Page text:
Table of Contents

Long before the beginning of the modern era of science and mathematics, the concept or mathematical reasoning existed. The mathematical reasoning can therefore be termed as one of the earliest concepts of Mathematics. Reasoning can be inferred or applied only if we have been provided with the statements. The statements used in the case of reasoning in mathematics is also known as mathematical statements or statements in mathematical reasoning.

## Mathematical Reasoning

Mathematical reasoning, also known as the principle of mathematical reasoning, involves determining the truth values of provided statements within the field of mathematics. These types of logical statements are frequently seen in competitive exams such as JEE and the problems are quite simple and enjoyable to solve. In this article, we will explore the concept of mathematical reasoning and learn effective problem-solving techniques.

## Mathematical Reasoning and Statements

The core or prelude of the reasoning in mathematics is the mathematical statements. The statements and mathematical reasoning completes each other. Without the presence of mathematical statements, we cannot derive any reasoning. In other words, we can say that statement is the basic unit of reasoning in mathematics. To learn the concept of reasoning and statements used in applied mathematics, we will have to explore its meaning and examples.

## What is Meant by Mathematical Reasoning?

Mathematical reasoning is an important ability that allows students to assess a given hypothesis without considering any specific context or significance. Simply put, when it comes to analyzing a scientific investigation or claim, the logic used is not influenced by personal viewpoints.

Derivations and proofs necessitate a factual and scientific foundation. The skills of mathematical critical thinking and logical reasoning are essential for solving mathematical reasoning problems. It is a part of mathematics where we learn to obtain the true values of the statements presented before us.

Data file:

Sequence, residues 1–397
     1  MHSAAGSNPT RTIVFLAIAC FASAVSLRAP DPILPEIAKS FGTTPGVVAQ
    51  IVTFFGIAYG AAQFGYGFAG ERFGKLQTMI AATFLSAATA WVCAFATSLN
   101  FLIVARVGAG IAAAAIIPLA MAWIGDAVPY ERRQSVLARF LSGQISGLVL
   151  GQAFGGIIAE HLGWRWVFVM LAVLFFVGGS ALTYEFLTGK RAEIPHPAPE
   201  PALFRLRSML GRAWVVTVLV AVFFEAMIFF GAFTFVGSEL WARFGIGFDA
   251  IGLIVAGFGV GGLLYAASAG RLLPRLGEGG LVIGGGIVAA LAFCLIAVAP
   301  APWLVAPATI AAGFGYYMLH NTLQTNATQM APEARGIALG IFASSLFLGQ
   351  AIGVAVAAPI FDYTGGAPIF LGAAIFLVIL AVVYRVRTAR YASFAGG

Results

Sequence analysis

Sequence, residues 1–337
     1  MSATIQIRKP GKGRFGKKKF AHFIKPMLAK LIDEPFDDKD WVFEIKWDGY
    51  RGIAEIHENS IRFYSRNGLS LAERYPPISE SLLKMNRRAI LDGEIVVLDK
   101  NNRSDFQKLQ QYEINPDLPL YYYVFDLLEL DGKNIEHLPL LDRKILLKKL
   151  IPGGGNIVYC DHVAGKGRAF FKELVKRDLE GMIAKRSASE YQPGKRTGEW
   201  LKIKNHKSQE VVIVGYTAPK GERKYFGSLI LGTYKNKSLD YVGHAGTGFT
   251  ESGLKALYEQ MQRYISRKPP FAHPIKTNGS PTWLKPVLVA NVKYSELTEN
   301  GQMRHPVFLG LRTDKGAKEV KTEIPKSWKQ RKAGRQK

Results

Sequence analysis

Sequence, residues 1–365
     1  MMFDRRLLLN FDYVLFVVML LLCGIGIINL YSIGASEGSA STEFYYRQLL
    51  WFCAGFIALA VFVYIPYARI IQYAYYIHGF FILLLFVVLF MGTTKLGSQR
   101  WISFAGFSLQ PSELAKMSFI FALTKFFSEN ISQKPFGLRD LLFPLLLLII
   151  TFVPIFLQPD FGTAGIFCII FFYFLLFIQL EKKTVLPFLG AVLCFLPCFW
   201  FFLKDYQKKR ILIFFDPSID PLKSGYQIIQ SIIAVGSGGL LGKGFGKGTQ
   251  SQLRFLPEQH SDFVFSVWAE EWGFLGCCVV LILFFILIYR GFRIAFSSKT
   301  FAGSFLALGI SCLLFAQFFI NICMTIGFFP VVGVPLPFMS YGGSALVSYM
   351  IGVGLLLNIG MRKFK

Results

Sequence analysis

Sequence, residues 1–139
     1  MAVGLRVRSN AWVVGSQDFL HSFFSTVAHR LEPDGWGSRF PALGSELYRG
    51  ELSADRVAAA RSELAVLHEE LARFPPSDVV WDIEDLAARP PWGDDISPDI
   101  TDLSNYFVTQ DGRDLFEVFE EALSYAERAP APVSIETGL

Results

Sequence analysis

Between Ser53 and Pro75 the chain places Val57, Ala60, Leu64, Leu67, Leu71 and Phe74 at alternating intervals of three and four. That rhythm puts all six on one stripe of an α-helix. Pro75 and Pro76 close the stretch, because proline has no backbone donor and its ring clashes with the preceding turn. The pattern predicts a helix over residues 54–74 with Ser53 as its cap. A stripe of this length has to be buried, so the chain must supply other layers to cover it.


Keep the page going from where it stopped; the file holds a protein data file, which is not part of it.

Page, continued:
## What is a Mathematical Statement?

A sentence is considered a statement if it can be classified as correct or incorrect, true or false. It cannot be both, as a sentence that is both true and false is not a statement. Additionally, if a sentence is neither true nor false, it is also not considered a statement. For example,

Sentence 1: Independence Day is on 15 August

Sentence 2: The weight of ant is greater than the weight of the lion.

Upon reading these statements, we can quickly determine that sentence 1 is accurate while sentence 2 is incorrect. Therefore, these sentences are considered to be statements because they can be proven as either true or false, and do not contain any ambiguity.

## Mathematically Acceptable Statements

To know whether a sentence is mathematical statement or not, we have to look at its certain aspects.

A statement in mathematics is any sentence that abides by certain rules given below.

- For a statement to be mathematically valid, it must be either true or false, but not both simultaneously.
- A sentence is not considered a mathematically validated statement if it is imperative, interrogative, or exclamatory.
- An open statement is defined as a sentence that contains one or more variables. An open statement can transform into a closed statement by substituting specific values for the variables in the sentence.

It is important to understand that a sentence cannot be considered a statement if:

- The given statement includes pronouns such as ‘she’, ‘he’, ‘they’ etc.
- The given statement is a question.
- The statement is an order or request.
- It is in exclamation format.
- The given statement involves variable places such as ‘here’, ‘there’, ‘everywhere’ etc.
- The given statement includes variable time such as ‘today’, ‘tomorrow’, ‘yesterday’ etc.

## Mathematical Reasoning Types

There are seven types of mathematical reasoning: intuition, counterfactual thinking, critical thinking, backward induction, inductive reasoning, deductive reasoning, and abductive induction. Among these 7 types, the following two are considered the primary types.

### Inductive Reasoning

Inductive reasoning involves checking the validity of a statement using a set of rules and then making a generalization based on the given statement. In simpler terms, inductive reasoning is a form of reasoning that is not strict, where statements are generalized.

In the Inductive method of mathematical reasoning, a particular set of rules is used to verify the validity of a statement before generalizing it. The concept of inductive reasoning is utilized in the principle of mathematical induction. Inductive reasoning is not included in geometrical proofs due to its generalization. Here is an illustration that will aid in the comprehension of inductive reasoning in mathematics.

The example of inductive reasoning is given hereunder:

**Statement:**The cost of labor to create the item is Rs. 5, while the cost of goods is Rs. 10. The item has a sales price of Rs. 50.

**Reasoning:** Based on the statement made, it can be concluded that the product will generate a satisfactory amount of profit for the retailers that sell it.